What Goes in an Abstract for APA?
The abstract can be the most important aspect of a paper, because it can determine whether your article is published or read. It functions as a hook, and the American Psychological Association is specific about what it should contain. Make sure you follow the most current APA Style guide if your professor has asked you to follow this style. At the time of publication, this is the sixth edition.
Placement of the Abstract
After the title page and starting on a new page, center the word “Abstract” on the first line. On the next line, flush on the left margin, begin writing the abstract; do not indent. Double space between lines. In addition, you can place a list of key words right after the abstract. Indent, write “Keywords” in italics followed by a colon. Then type the keywords without italics.
Summary of Analysis
According to the APA sixth edition, an abstract is a short summary of an essay or article. Only the most essential information should go into this summary. For example, a literary analysis of Jonathan Swift’s "Modest Proposal" would mention essential aspects of the analysis and not mention specific aspects of Swift’s work itself. The abstract must make sense in isolation from the article.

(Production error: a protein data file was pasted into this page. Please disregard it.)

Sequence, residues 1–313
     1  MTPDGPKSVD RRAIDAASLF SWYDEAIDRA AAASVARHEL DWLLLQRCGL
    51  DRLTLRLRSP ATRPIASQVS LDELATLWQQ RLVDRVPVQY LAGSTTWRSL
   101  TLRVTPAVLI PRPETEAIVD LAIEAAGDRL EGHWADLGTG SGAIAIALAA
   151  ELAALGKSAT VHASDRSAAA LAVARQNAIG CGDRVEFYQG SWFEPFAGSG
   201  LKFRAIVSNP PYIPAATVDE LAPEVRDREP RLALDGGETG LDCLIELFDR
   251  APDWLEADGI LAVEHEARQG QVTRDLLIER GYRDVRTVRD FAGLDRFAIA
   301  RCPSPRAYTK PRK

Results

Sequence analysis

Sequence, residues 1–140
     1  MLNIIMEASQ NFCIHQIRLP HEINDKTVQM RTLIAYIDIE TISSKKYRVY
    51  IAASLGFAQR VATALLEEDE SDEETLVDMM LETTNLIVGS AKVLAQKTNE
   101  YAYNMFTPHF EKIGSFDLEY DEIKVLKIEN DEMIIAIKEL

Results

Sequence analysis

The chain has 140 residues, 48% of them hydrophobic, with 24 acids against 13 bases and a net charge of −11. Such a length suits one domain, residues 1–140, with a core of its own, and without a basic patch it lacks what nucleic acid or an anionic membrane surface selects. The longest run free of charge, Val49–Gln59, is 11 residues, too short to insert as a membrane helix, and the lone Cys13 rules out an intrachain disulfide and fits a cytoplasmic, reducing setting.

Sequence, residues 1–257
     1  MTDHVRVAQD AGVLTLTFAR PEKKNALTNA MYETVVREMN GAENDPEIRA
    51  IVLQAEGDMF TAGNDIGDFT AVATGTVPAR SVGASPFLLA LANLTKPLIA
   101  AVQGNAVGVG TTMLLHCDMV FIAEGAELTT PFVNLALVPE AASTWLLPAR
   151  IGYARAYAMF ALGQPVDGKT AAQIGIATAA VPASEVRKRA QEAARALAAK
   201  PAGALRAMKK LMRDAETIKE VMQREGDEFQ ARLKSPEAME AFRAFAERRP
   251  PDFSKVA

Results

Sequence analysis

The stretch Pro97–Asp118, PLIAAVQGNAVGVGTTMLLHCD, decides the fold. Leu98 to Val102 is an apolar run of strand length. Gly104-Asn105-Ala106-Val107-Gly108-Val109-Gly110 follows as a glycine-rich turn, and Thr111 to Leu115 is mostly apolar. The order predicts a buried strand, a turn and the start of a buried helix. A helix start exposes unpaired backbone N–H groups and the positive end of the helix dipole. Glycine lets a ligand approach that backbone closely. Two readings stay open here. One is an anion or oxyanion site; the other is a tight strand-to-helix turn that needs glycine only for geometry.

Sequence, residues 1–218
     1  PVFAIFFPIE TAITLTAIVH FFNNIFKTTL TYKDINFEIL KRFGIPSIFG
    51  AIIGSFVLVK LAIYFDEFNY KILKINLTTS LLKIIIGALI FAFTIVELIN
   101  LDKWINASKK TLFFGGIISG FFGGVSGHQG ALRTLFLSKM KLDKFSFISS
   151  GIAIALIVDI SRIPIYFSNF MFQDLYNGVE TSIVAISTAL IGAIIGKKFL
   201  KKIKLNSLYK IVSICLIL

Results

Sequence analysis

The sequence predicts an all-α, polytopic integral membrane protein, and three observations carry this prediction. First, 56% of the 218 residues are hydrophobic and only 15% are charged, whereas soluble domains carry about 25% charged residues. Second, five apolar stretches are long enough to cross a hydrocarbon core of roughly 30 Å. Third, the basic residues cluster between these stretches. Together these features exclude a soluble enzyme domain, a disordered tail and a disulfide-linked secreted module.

An APA abstract should be between 150 and 250 words. Any more and the abstract will be cut or edited if you seek to publish it in an APA publication. Because of the word limits, avoid noun phrases, using verbs instead where possible, and do not repeat the title. Tailor the language of the abstract to the intended audience, using concrete and specific vocabulary.
The preferred style when writing an APA abstract is third person, but this requirement has been removed in the sixth edition and first person can be used. When mentioning authors in the abstract, use only the last name. Normally in APA you write out numbers one to 10, but since space in an abstract is at a premium, all numbers are written as figures.
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